A recent study by the USDA's Forest Service indicates the increasing importance of maintaining urban green space, especially ahead of the expected population increases in Nashville. By creating digital models, researchers have tried to estimate the impact urban trees have on the health of a population.
The researchers estimate that 17.4 million tons of air pollution is removed from the United States every year, with a human health value of $6.8 billion. These numbers are based on the typical range of particles that have been collected or deposited on solid urban surfaces, decreasing the concentration of the particles in the air. This decreases numerous causes of acute repertory symptoms, and asthma exacerbation. Additionally, health impacts included the avoidance of more than 850 incidences of human mortality and 670,000 incidences of various other respiratory symptoms.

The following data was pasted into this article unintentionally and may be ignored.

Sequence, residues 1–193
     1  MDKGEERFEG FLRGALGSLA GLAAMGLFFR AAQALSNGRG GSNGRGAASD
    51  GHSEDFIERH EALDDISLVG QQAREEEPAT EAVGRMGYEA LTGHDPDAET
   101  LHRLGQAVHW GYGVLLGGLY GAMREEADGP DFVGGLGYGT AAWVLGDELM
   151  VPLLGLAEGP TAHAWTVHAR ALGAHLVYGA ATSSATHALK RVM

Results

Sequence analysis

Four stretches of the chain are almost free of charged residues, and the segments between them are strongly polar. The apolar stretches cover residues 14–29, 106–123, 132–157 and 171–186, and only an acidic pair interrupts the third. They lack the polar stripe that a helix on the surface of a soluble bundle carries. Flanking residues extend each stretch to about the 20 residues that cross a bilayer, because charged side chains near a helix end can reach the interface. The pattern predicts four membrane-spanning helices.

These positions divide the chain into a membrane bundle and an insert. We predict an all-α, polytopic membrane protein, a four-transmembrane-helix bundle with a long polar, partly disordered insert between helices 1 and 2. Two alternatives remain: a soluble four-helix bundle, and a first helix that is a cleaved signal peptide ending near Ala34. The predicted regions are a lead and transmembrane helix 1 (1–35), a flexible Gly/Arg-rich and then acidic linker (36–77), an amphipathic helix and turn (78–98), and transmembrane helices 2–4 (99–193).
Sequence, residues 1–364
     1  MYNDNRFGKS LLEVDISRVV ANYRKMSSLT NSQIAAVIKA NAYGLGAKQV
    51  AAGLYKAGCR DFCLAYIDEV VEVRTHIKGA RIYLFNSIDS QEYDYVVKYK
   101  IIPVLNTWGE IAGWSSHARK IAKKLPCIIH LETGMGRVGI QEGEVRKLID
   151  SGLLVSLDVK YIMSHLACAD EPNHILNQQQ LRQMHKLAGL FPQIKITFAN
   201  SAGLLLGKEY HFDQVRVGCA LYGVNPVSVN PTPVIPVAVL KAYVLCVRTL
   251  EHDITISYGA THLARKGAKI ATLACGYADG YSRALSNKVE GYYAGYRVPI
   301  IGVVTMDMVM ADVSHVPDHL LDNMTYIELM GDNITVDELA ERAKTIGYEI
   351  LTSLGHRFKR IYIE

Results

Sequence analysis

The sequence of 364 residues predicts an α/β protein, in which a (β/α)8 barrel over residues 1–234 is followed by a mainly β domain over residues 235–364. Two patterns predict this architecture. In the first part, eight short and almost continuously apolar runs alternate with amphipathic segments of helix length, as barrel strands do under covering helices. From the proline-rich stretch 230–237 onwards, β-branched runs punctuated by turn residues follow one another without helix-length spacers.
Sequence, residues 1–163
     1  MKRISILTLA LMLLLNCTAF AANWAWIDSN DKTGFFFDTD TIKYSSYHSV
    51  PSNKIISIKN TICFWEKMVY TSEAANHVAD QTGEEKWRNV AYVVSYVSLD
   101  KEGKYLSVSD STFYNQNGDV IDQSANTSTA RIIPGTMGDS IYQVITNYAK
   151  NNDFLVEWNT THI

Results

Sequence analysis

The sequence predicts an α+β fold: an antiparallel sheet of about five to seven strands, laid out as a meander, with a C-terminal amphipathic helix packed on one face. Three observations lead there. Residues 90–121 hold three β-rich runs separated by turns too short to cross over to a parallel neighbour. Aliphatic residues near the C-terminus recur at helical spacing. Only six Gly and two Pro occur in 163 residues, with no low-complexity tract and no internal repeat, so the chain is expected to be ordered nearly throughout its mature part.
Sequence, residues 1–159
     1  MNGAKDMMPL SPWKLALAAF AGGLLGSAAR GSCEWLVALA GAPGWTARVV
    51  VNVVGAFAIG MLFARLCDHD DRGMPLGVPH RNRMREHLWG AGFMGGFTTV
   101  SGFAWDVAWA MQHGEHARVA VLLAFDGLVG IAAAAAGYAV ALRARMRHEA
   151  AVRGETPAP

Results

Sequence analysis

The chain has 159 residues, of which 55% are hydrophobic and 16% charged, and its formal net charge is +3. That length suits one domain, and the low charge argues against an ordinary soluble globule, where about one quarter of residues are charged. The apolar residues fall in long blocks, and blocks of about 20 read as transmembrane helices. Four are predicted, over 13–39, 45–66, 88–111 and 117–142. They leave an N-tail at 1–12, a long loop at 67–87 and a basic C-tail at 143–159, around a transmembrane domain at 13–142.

This removal was substantially greater in rural areas than urban areas, but the pollution removal monetary value was substantially greater in urban areas compared with rural areas.
“With more than 80 percent of Americans living in urban area, this research underscores how truly essential urban forests are to people across the nation,” said Michael T. Rains, Director of the Forest Service’s Northern Research Station and the Forest Products Laboratory. “Information and tools developed by Forest Service research are contributing to communities valuing and managing the 138 million acres of trees and forests that grace the nation’s cities, towns and communities.”